Friends, family and co-workers of Bill Toscano remembered him Thursday as a man who liked people and let them know it and helped people because he enjoyed it.
He made his living as a high school teacher and reporter — sometimes both at once — and worked for years at The Post-Star until being being forced to leave two years ago by persistent and serious health problems.
He died Wednesday after catching COVID-19.
A student who went to Ledyard High School in Ledyard, Connecticut, where Toscano taught history in the 1990s, recalled how Toscano agreed to serve as the adviser for the school’s new gay-straight alliance, after other teachers had refused.
“I remember asking a couple of teachers and no one would do it. He agreed to jump on board,” said Brian Shaw, who founded the school’s first gay-straight alliance in 1997.
At that time, gay students faced “a lot of negativity,” he said, and outside support was hard to come by.
“The fact he was willing to step up and say, ‘I’m willing to put my name on this project,’ that meant a lot. It’s the reason it got done,” Shaw said. Bob Condon, city editor at The Post-Star, also recalled Toscano’s big heart.
“It was Bill’s quiet advocacy and compassion for the less fortunate — those who are bullied, discriminated against or live with a disability — that sticks with me,” he said.
Toscano was known for his outgoing personality.
“He had a gregarious nature, which carried over in his phone calls with sources and often brought a smile to my face. That style of reporting worked well for him,” Condon said.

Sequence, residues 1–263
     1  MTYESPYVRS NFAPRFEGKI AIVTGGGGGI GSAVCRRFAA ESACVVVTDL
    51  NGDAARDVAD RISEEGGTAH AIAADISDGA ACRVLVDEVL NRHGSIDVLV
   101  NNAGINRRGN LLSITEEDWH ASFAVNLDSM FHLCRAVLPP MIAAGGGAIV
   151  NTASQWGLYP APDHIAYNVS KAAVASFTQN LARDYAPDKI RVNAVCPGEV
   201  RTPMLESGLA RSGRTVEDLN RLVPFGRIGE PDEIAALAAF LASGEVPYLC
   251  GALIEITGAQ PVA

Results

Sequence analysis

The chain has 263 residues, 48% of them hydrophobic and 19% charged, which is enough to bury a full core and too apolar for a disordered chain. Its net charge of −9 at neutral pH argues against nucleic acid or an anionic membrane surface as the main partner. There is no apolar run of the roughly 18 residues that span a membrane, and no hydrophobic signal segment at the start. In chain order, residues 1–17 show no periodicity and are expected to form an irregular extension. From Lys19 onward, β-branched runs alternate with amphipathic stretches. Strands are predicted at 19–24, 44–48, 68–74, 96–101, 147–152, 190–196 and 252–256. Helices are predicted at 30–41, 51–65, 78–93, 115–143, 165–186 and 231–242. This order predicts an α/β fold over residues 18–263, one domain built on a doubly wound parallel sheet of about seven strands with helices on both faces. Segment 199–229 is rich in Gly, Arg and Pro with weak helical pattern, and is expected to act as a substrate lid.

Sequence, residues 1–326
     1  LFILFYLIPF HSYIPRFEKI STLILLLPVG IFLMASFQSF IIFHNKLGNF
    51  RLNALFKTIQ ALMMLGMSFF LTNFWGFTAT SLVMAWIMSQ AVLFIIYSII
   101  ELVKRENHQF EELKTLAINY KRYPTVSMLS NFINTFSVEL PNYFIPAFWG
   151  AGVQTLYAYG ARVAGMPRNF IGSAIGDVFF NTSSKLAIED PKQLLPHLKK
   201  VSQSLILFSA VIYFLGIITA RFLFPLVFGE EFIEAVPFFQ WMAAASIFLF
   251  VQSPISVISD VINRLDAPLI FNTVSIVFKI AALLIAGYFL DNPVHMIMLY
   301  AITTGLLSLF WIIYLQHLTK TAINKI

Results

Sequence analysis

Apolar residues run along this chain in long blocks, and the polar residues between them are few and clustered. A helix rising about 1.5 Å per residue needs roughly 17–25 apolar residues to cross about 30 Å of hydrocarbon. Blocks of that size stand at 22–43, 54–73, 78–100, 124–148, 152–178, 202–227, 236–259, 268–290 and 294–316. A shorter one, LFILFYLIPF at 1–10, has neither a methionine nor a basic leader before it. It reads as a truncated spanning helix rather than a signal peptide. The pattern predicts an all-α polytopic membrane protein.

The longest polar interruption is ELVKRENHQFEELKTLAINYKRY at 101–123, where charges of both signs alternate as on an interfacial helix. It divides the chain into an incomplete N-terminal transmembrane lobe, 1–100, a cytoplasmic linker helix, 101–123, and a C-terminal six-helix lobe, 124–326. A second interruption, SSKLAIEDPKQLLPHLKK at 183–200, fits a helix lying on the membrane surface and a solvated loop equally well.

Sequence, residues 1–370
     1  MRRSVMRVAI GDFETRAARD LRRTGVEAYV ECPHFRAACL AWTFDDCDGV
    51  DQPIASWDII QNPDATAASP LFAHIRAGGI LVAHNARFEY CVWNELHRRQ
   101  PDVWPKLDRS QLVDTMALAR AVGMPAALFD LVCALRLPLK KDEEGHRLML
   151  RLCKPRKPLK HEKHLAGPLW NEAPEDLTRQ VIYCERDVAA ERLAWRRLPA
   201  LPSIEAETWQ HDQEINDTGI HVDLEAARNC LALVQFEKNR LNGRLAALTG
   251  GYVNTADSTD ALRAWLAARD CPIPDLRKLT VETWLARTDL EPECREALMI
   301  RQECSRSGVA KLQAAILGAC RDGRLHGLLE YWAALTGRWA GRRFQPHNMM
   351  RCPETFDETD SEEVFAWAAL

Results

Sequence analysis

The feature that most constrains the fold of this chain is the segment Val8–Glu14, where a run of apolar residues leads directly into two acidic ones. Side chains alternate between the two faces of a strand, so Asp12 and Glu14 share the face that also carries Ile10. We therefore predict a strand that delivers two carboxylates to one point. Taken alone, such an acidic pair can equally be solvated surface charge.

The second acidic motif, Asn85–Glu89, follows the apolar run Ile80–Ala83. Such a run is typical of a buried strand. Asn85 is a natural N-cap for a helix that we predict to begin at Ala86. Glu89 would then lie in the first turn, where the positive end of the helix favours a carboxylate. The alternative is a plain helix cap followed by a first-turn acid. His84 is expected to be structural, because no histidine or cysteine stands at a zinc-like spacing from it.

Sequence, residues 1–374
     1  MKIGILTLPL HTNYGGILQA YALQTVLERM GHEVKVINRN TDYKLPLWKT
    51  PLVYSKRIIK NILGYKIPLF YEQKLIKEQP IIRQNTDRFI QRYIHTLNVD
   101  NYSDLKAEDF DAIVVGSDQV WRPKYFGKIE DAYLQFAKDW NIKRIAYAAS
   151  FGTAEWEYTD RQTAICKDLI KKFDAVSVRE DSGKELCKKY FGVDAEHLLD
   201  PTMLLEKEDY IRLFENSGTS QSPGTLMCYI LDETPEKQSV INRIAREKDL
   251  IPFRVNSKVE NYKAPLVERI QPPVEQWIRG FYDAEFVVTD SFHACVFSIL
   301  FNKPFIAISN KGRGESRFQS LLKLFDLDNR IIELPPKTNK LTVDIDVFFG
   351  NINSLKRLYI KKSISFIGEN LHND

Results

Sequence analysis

He was very involved in helping with the Special Olympics locally and in raising money for it, and that effort netted him a son-in-law. He would lead a team in the Polar Plunge, where hundreds of people jump into Lake George in the winter, raising money for the Special Olympics. In 2009, his daughter, Nicole, and her future husband met for the first time as members of Bill’s Polar Plunge team.
“His specialty was he brought that joy of just hanging out, and turned that into a way to help people. He raised thousands of dollars for Special Olympics over the years, and he did that with his joy of life,” said Nicole.
He was active in a group called Society for Creative Anachronism, an international living history group that studies and re-creates pre-17th century medieval European cultures (and a few others), staging large gatherings in various spots around the country and the world.
Toscano was known as Liam St. Liam within the group, wearing a 10th century English outfit, but he was never pretending to be someone else, Nicole said.
“He was just a guy helping out who happened to be wearing funny clothes,” she said.
His specialty was connecting people and taking care of them, she said.
“Every person felt like within 10 minutes of meeting him, you were his best friend,” she said. “We’ve gotten condolences today from Australia, from Washington state. People all over the world are mourning him.”
Will Doolittle is projects editor at The Post-Star. He may be reached at email@example.com and followed on his blog, I think not, and on Twitter at
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